Dr. Stockmann (seizing the letter). Let's see, let's see, child! (Looks
at the address.) Yes, that's all right!

Mrs. Stockmann. Is it the one you have been expecting go anxiously,
Thomas?

Dr. Stockmann. Yes, it is. I must go to my room now and - Where shall I
get a light, Katherine? Is there no lamp in my room again?

Mrs. Stockmann. Yes, your lamp is already lit on your desk.

Dr. Stockmann. Good, good. Excuse me for a moment - , (Goes into his
study.)

Petra. What do you suppose it is, mother?

Mrs. Stockmann. I don't know; for the last day or two he has always
been asking if the postman has not been.

Billing. Probably some country patient.

Petra. Poor old dad! - he will overwork himself soon. (Mixes a glass for
herself.) There, that will taste good!

Hovstad. Have you been teaching in the evening school again today?

Petra (sipping from her glass). Two hours.

Billing. And four hours of school in the morning?

Petra. Five hours.

Mrs. Stockmann. And you have still got exercises to correct, I see.

Petra. A whole heap, yes.

Horster. You are pretty full up with work too, it seems to me.

Petra. Yes - but that is good. One is so delightfully tired after it.

Billing. Do you like that?

Petra. Yes, because one sleeps so well then.

Morten. You must be dreadfully wicked, Petra.

Petra. Wicked?

Morten. Yes, because you work so much. Mr. Rorlund says work is a
punishment for our sins.

Ejlif. Pooh, what a duffer, you are, to believe a thing like that!

Mrs. Stockmann. Come, come, Ejlif!

Billing (laughing). That's capital!

Hovstad. Don't you want to work as hard as that, Morten?

Morten. No, indeed I don't.

Hovstad. What do you want to be, then?

Morten. I should like best to be a Viking,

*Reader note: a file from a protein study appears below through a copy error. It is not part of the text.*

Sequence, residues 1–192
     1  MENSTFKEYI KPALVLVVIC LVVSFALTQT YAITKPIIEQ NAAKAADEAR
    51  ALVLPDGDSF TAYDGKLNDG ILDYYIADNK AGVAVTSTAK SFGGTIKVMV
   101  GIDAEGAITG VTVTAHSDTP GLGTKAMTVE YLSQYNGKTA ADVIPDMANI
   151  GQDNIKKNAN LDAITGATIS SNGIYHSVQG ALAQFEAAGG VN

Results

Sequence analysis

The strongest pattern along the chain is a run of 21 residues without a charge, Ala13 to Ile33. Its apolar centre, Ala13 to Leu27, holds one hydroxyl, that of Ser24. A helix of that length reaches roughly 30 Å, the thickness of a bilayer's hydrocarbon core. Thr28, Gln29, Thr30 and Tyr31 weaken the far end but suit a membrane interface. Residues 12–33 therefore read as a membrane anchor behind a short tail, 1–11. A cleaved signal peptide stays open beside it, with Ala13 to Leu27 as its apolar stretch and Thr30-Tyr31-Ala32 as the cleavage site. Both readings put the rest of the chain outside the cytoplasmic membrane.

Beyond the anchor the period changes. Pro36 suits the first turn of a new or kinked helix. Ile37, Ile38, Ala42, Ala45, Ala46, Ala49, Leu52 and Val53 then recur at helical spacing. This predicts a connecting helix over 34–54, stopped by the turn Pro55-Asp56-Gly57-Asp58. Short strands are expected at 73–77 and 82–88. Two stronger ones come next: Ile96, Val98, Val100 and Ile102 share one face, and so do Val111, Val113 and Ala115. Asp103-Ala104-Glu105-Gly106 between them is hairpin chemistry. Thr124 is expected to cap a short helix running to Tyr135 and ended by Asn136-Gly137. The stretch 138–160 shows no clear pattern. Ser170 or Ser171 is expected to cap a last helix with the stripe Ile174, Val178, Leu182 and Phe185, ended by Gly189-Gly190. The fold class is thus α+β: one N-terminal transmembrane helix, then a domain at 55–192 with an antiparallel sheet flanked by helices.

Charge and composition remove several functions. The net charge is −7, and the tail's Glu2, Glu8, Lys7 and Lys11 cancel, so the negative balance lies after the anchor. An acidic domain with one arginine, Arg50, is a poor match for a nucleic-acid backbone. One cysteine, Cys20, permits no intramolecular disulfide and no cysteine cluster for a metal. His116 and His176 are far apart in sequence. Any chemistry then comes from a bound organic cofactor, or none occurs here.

Ejlif. You would have to be a pagan then.

Morten. Well, I could become a pagan, couldn't I?

Billing. I agree with you, Morten! My sentiments, exactly.

Mrs. Stockmann (signalling to him). I am sure that is not true, Mr.
Billing.

Billing. Yes, I swear it is! I am a pagan, and I am proud of it.
Believe me, before long we shall all be pagans.

Morten. And then shall be allowed to do anything we like?

Billing. Well, you'll see, Morten.

Mrs. Stockmann. You must go to your room now, boys; I am sure you have
some lessons to learn for tomorrow.

Ejlif. I should like so much to stay a little longer -

Mrs. Stockmann. No, no; away you go, both of you, (The boys say good
night and go into the room on the left.)

Hovstad. Do you really think it can do the boys any harm to hear such
things?

Mrs. Stockmann. I don't know; but I don't like it.

Petra. But you know, mother, I think you really are wrong about it.

Mrs. Stockmann. Maybe, but I don't like it - not in our own home.

Petra. There is so much falsehood both at home and at school. At home
one must not speak, and at school we have to stand and tell lies to the
children.

Horster. Tell lies?

Petra. Yes, don't you suppose we have to teach them all sorts of things
that we don't believe?

Billing. That is perfectly true.

Petra. If only I had the means, I would start a school of my own; and
it would be conducted on very different lines.

Billing. Oh, bother the means - !

Horster. Well if you are thinking of that, Miss Stockmann, I shall be
delighted to provide you with a schoolroom. The great big old house my
father left me is standing almost empty; there is an immense
dining-room downstairs -

Petra (laughing). Thank you very much; but I am afraid nothing will